What causes us to reach for the heating switch or the cooling switch in our homes? When hot or cold air penetrates the room. With weatherization techniques like sealing, insulating, and weather-stripping around your windows and doors, you can save at least 10 percent on the energy bills. If your crawlspaces and attics are not insulated correctly, heating systems may work at a lesser efficient level than it is supposed to. You could also replace your old windows with improved frame materials and low-emission glass to ensure less heat transfer. Weatherization works to keep you from excessive use of heating and cooling systems, ultimately reducing your energy consumption whatever the weather.

Do You Really Know Your Appliances?

When it comes to our appliances and electronics, we actually pay for two things. The first thing you pay for is its sale price, and the second thing you pay for is a much more substantial cost — the operational cost. Each time you use this appliance, you’re paying for the energy it consumes. To ensure you’re not being ripped off, search for labels on the product that states so. Here are a couple of examples of common appliances:

Washers and Dryers: Changing Up the Way We Do Laundry

While there has been an emergence in the market for more energy-efficient washing machines, the way you handle them determines how much you rack up in that next energy bill. For starters, use cold water to wash your clothes and opt for shorter wash cycles. Time is money, so the quicker they’re out of the washer, the lesser energy is consumed.

Skip the dryer and just airdry your laundry. It’s absolutely free to hang up your laundry instead of opting for the dryer. Another protip is to ensure your machine’s lint filler is clear and not obstructing any airflow to keep the motor cool and running.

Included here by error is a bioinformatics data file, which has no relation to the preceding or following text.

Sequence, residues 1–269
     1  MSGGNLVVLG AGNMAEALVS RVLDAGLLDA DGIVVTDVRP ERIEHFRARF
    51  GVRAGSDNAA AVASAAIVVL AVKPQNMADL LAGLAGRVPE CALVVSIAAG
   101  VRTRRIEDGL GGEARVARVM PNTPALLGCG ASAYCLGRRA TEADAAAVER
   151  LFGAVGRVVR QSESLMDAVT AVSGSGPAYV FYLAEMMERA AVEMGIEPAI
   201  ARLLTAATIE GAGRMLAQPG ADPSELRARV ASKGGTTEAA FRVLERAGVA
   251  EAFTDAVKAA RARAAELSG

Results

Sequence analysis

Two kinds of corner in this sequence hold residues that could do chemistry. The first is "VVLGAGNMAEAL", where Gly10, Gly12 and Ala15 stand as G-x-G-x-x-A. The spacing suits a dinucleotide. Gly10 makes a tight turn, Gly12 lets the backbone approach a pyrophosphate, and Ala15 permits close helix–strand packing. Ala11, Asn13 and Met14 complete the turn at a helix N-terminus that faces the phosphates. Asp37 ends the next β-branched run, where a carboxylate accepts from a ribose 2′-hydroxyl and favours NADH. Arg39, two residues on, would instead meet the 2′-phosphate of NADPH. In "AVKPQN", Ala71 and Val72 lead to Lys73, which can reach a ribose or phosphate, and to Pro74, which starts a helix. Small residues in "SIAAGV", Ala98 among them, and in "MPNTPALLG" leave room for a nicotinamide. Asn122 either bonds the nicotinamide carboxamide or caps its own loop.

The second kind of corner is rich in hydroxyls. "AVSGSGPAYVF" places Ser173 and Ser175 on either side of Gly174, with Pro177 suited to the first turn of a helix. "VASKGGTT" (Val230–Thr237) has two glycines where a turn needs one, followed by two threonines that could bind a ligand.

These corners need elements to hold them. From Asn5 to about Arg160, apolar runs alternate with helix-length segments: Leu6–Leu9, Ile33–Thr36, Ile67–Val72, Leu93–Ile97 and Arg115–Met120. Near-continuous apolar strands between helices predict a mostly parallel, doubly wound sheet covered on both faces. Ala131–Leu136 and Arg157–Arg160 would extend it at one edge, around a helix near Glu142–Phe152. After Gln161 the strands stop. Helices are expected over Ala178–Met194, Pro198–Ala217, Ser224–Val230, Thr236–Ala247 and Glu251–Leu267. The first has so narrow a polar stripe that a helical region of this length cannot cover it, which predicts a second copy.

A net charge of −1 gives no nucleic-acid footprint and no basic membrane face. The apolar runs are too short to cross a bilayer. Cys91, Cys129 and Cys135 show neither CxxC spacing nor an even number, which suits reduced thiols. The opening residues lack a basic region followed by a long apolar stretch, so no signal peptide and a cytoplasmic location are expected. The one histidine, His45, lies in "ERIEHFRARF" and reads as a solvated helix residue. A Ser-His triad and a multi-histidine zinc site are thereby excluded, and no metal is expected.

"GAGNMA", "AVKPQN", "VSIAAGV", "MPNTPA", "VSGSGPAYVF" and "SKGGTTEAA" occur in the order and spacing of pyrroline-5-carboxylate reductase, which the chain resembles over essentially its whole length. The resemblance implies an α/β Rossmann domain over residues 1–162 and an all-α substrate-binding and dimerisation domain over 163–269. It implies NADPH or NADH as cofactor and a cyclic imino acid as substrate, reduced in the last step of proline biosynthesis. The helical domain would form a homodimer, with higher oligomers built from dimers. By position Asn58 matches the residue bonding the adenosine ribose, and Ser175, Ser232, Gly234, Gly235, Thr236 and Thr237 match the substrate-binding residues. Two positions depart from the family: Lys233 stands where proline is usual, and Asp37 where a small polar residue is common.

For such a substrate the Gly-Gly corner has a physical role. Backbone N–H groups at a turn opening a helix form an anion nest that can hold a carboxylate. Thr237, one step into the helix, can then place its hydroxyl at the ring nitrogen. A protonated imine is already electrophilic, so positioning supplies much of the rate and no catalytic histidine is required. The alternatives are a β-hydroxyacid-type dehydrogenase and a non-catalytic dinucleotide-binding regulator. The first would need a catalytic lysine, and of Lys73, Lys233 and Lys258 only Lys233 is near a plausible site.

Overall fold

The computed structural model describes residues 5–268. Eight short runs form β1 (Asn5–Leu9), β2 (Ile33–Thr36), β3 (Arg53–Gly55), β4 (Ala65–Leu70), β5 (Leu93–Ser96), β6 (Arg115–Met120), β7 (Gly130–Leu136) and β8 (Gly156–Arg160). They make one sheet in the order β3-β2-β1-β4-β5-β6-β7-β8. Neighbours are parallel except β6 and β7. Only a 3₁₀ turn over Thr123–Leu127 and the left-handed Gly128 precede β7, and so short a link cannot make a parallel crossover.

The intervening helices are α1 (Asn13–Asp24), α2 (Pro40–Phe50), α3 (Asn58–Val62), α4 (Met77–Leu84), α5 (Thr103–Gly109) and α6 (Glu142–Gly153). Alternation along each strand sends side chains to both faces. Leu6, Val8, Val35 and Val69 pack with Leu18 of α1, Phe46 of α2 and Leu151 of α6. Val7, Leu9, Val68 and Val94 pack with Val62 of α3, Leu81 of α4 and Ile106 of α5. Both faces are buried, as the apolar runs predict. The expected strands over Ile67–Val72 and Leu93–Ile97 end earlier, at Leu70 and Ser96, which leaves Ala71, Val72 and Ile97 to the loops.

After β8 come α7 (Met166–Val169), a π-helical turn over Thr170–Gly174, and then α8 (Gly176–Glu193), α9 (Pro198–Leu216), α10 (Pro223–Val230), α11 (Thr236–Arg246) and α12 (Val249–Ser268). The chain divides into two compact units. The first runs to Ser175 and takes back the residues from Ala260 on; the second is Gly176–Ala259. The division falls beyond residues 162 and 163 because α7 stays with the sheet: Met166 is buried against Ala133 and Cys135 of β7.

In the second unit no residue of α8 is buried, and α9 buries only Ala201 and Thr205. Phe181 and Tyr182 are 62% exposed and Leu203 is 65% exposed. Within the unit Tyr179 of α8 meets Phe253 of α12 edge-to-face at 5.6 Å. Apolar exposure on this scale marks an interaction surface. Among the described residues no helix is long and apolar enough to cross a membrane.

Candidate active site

With nine colors to choose from, this flat sheet is made from naturally sourced French Flax Linen from France. French flax requires minimal water so it is more sustainable and eco-friendly to produce.

$90.00

Scientifically derived from food waste, this multi-purpose cleaner also contains essential oils like lavender, mint and bergamot. Even the bottle is made of recyclable aluminium to beat other sustainable products out there.

$33.00


Dishwashers: Dishing It Out the Wrong Way

Just like washing machines, 90% of the time energy is consumed by warming up the water in the dishwasher. To maximize your dishwasher, you can start out by only ever pressing ‘on’ when the dishwashing tray is full. If you think about it, dishwashers use the same amount of water to wash a half-full tray, so you might as well take full advantage of that.

Fridges and Freezers: Cool Ways to Save

It’s important to know that your refrigerator has a durable and working seal. Refrigerators have a system that reacts to their exterior environment’s temperature and adjusts their interior temperature according to it. With a good, airtight seal, your fridge won’t be actively adjusting to the temperature frequently and consuming energy. Remember, keep a lookout for those labels the next time you go shopping for a fridge.

Conclusion

And there you have it, a couple of helpful tips to get you started on reducing your carbon footprints in this world. It all starts with cultivating the right habits at home.

Recommended Products

No. ProductPriceBuy
1100W F-Series Solar Flood Light

This alpha flood light produces 3,500 lumens to provide an ultra-brightening effect in any environment. It is remote-controlled.
$199.99Shop
2EShine 10 Inch Rechargeable LED Under Cabinet Lighting

Portable and powerful, you can get all the light you need with this LED light strip that can be attached via the built-in magnet.
$25.45Shop
3Compostable Loofah Scrubber

This loofah is the ideal alternative to a plastic sponge and can be used for cleaning; certainly a good addition to a sustainable life!
$20Shop
4French Linen Flat Sheet

With nine colors to choose from, this flat sheet is made from naturally sourced French Flax Linen from France that is sustainably produced.
$90Shop
5Veles | The Eco Friendly All Purpose Cleaner

Scientifically derived from food waste, this multi-purpose cleaner also contains essential oils like lavender, mint and bergamot.
$33Shop